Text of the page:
The Cannes Film Festival is one of the most prestigious film festivals in the world and dates back to 1946. In fact, the first Cannes Film Festival was supposed to take place in September 1939 but before it could start, World War II had already been declared. It wasn’t until one year after the war ended that the Cannes Film Festival opened its door for the first time. In the 1950′s, with international movie stars like Grace Kelly, Kirk Douglas, Cary Grant, and Gina Lollobrigida walking on the Croisette, the Cannes Film festival gained in popularity. Other famous actresses beloved from the Croisette were Romy Schneider, Alain Delon, Simone Signoret, and of course Brigitte Bardot. The highest prize of the Cannes Film festival is the Palme d’Or (Golden Palm) which is awarded to the director of the best movie competeting in the official competition (this year over 50 films are presented and 20 films are competing for the Palme d’Or). Over the years, several American directors came back from Cannes with a Palme d’Or including Martin Scorsese (Taxi Driver), Bob Fosse (All That Jazz), and Steven Soderbergh (Sex, lies, and videotape) among many others.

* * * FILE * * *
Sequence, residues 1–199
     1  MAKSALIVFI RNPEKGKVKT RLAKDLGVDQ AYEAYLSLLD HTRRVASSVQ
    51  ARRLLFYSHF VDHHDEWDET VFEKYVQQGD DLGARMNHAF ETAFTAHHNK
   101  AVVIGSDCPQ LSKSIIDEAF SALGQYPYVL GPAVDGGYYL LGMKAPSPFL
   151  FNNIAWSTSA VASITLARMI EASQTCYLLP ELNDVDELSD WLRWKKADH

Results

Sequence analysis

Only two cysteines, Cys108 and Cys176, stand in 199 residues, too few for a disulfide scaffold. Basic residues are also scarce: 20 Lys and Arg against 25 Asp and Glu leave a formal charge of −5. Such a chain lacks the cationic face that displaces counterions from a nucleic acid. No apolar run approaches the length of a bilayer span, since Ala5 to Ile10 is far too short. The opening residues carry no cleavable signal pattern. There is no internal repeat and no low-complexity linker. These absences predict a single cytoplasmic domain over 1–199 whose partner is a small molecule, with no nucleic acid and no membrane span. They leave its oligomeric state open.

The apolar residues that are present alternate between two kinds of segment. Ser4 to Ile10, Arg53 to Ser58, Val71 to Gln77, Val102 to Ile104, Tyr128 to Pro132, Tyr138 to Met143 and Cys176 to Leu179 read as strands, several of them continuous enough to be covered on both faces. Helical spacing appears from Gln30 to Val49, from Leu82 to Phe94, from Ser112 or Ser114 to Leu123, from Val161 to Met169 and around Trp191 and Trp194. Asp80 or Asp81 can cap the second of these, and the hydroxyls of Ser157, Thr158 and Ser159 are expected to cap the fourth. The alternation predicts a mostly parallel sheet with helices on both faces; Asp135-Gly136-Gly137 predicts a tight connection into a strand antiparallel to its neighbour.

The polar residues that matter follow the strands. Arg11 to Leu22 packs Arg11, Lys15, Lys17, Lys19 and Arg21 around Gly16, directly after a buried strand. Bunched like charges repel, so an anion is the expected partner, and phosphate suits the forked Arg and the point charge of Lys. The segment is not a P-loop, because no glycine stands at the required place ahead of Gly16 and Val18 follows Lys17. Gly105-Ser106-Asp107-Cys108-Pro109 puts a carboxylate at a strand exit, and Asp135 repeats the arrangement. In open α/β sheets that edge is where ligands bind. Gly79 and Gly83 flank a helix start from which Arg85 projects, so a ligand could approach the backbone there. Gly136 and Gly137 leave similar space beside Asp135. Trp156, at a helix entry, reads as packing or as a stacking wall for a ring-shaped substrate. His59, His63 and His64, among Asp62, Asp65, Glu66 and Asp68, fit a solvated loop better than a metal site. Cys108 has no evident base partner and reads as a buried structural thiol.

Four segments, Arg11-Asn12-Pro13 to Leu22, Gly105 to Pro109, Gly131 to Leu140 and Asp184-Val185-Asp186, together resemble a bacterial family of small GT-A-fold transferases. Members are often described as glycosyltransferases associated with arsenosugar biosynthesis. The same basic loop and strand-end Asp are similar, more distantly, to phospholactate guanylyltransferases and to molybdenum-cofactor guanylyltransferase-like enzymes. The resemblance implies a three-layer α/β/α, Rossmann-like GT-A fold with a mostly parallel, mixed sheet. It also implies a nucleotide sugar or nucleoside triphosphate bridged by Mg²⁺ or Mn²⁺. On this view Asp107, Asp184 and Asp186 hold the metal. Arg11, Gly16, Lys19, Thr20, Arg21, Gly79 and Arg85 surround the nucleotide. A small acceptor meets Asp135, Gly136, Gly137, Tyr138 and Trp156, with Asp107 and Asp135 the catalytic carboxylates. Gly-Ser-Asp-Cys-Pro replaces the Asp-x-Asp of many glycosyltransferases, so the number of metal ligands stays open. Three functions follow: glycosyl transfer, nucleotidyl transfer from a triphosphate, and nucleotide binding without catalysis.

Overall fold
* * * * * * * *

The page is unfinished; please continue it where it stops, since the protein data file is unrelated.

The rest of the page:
French poet, playwriter and filmmaker Jean Cocteau captured the spirit of the Cannes film Festival very well with this quote:
“Le Festival est un no man’s land apolitique, un microcosme de ce que serait le monde si les hommes pouvaient prendre des contacts directs et parler la même langue.” - “The Festival is an apolitical no-man’s-land, a microcosm of what the world would be like if people could make direct contact with one another and speak the same language.“
This year, many will remember Marie France Pisier who tragically left us, too soon, a few weeks ago. She was supposed to give a speech during the special evening dedicated to the career of one of her co-stars French legendary actor Jean-Paul Belmondo (“Bébel”). She will certainly be missed.